I couldn't help but mail you when I recognised your name from the UK Lancia Club newsletters etc that I used to read 10 years ago! I always enjoyed your contributions.
I was searching the 'net for info on Flavia 2000 coupes when I came across your name. I have fallen in love with one that is for sale here in Perth, but that is the only reason to buy it and there seems to be a whole suite of reasons not to buy something getting on for 30 years old and then expect to drive to work in it!
Can I ask - what were/are Flavia coupes like as cars and is there any particular faults of which I should be aware when examining the car, please? Yes, the car still has its Solex carby.
How could I not reply after those flattering comments! Flavias are just great. As you saw from my article on the Lancia Website, I have had a few of them. The coupe I had was a 1.8 carb. model- with the two large speedo & rev counter dials. Earlier 1500 cc models had a strip speedo & a small circular rev counter at one end of it. The Flavias then became 2000's around the time of the Fiat take over. The earlier ones were called Flavia 2000 and still had the four speed gearbox.
The 2000 had a rather notchy five speed unit. The epitome of the range being the HF variant.
Things to look for:
Settled front suspension. Everything heavy is at the front of the car & they tend to get a nose down appearance. You can check this by seeing how much clearance there is between the rubber bump stop & the bottom wishbone. (at least from memory I think that is where it is) Anyway there should be a good 1 1/2 inches clearance/gap.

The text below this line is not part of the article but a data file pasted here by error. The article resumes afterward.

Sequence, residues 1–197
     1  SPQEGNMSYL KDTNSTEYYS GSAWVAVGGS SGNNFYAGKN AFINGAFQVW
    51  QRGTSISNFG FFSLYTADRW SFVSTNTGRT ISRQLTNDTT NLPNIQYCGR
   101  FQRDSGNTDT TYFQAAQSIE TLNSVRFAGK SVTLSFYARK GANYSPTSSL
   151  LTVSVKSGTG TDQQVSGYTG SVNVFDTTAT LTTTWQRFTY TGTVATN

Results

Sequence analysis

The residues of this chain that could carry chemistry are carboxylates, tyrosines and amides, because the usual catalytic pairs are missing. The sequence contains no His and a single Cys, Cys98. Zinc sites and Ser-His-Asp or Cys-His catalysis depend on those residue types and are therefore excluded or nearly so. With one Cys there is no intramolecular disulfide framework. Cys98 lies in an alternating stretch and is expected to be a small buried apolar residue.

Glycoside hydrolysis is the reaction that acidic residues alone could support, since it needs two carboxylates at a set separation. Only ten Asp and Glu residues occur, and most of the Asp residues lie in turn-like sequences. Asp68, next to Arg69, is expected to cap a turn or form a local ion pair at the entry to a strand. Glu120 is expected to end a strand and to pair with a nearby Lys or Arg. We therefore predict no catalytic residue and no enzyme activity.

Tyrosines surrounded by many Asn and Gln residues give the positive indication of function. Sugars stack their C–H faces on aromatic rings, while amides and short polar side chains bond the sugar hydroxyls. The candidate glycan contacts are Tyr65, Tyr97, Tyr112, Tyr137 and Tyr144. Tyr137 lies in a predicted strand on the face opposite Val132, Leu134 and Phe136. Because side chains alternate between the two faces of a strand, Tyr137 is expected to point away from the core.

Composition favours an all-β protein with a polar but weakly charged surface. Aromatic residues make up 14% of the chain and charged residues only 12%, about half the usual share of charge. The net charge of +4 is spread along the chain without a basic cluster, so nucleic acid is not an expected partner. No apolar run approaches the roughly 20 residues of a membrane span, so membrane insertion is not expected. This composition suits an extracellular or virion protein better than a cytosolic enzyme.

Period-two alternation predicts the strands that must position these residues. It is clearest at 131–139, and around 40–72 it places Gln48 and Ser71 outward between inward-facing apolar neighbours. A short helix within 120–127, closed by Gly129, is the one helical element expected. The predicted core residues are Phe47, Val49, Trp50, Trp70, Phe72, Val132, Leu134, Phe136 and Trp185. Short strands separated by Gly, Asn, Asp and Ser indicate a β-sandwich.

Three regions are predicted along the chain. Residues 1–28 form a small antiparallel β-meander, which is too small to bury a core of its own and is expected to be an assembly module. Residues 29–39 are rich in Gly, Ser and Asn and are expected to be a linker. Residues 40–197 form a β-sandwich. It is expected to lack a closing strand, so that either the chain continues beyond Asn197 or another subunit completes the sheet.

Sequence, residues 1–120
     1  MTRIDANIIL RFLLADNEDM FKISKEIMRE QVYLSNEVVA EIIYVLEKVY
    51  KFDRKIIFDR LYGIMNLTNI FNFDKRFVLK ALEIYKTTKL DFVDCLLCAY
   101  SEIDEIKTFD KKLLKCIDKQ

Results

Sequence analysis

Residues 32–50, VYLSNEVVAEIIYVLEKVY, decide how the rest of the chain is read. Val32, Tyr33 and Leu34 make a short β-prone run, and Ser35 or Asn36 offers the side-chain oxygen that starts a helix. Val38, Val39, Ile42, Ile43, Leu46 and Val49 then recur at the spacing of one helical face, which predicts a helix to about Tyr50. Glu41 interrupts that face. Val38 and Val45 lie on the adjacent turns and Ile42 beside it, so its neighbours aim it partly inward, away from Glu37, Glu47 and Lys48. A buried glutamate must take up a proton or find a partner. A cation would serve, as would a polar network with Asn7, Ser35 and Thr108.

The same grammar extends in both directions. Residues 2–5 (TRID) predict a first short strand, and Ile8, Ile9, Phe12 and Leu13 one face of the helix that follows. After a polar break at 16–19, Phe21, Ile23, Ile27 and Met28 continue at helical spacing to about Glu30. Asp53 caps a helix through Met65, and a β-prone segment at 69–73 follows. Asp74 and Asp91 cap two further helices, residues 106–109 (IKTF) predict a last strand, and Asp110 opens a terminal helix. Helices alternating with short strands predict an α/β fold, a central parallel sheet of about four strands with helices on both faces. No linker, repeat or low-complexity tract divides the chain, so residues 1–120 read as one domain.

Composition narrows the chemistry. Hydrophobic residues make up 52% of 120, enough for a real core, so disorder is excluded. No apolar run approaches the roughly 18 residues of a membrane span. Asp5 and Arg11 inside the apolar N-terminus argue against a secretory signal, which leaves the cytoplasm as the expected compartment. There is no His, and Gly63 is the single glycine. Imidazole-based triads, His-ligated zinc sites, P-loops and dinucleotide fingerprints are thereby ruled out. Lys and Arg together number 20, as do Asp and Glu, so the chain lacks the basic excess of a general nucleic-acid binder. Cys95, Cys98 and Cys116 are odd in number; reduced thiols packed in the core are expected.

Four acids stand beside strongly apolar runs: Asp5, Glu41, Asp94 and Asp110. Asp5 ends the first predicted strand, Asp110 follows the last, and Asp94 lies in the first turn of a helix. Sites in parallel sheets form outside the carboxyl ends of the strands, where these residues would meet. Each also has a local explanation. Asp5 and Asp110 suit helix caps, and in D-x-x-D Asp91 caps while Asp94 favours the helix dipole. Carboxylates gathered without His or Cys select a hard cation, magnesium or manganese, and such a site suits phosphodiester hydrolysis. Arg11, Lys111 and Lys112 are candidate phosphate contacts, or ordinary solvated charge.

Surprisingly enough, apart from the time taken to do it, getting the front spring out is a logical step by step exercise. I had mine out on the coupe & had the lower leaf replaced with one about 2mm thicker. This lifted the front of the car up & then I had to do the rear springs because it then looked tail heavy!
Pot joints: while poking around check the gaiters on the inboard & out board CV joints. They shoud have no tears or splits. Grease everywhere will tell you that they are damaged. MUST be replaced if torn. Again a straight
forward job PROVIDED you have the right tool to undo the castellated nut on the end of the drive shaft. I made my own from a piece of water pipe that I had turned down on a lathe to equal the diameter of the bottoms of the castellations & then handfiled out the 'turrets' to fit into the castellations on the nut. A bar handle was welded onto it plus a stud to fit
the threaded hole in the shaft.
To check the outboard universals for wear, accelerate on full left or right lock. A clicking sound means some wear. A nasty clunking means very worn. I found with my Flavias that although they clicked a bit, refilling the gaiters with grease stopped it. Moral: Dont accelerate on full lock!